The biggest car recall ever seems to be coming to an end, but first, the millions of replacement pumps themselves are being recalled which could be dangerous.
As the final phase of a 2015 recall agreement between airbag giant Takata and the National Highway Traffic Safety Administration (NHTSA), 10 million airbags with replacement inflators are currently being recalled.
NHTSA noted that while many inflatable parts have never been fitted into vehicles, there are 14 manufacturers with vehicles that may be affected.
Manufacturers will evaluate and come up with specific models that are affected, and just because the name of an automaker is on this list does not mean that any of its products will be recalled in the near future.
The Takata airbag recall story has been going on for years, starting in the first half of the previous decade, but it seems to be finally coming to an end. Now, in the final recall, 10 million additional vehicles with inflatable parts in Takata-made front airbags are now bankrupt, which has now been recalled due to the possibility of exploding and spreading metal fragments onto passengers on board. NHTSA’s report, on January 2, says that the estimated rate of inflated people actually faulty is estimated at 1%.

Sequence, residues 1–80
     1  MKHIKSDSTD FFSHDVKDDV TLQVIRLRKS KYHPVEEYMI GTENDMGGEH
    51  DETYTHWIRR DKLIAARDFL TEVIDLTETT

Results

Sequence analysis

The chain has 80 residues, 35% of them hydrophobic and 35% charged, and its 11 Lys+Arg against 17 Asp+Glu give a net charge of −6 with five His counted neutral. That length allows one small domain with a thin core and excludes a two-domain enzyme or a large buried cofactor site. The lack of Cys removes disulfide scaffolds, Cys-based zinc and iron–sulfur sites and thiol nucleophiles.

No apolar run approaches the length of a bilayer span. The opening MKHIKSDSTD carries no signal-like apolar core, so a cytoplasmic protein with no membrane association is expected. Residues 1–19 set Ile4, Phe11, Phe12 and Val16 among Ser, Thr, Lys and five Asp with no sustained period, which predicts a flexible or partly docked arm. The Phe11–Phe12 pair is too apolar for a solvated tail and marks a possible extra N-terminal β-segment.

Automakers with vehicles that can participate are Audi, BMW, Honda, Daimler (truck), Fiat Chrysler Automobiles (FCA), Ferrari, Ford, General Motors, Mazda, Mitsubishi, Nissan, Subaru, Toyota, and Volkswagen. An FCA spokesman clarified to C/D that their cars subject to this notice were recalled in 2015, so a new recall will not take place.
To find out if you have a car being recalled, visit NHTSA’s recall website. Examples include many 1999–2001 BMW 3-series cars, Audi and Volkswagen Passat from 2015–2017, and Subaru Forester, Legacy, and Outback 2010–2014.
The major recall is part of a recall schedule implemented in a 2015 agreement between Takata and the National Highway Traffic Safety Administration (NHTSA). NHTSA noted that many pumps are never installed on vehicles. Automakers will identify which models are specifically equipped with the recall device and make their own recall notices.
Ironically, the inflatable parts in this recall were again used to replace the original faulty parts. They are recognized as safer because they are newer and not exposed to temperature and humidity, which degrades old blowers and increases their ability to degrade and explode. The recall is planned based on the age of the vehicles and their location, with vehicles registered further south, exposed to heat and humidity, to be recalled sooner.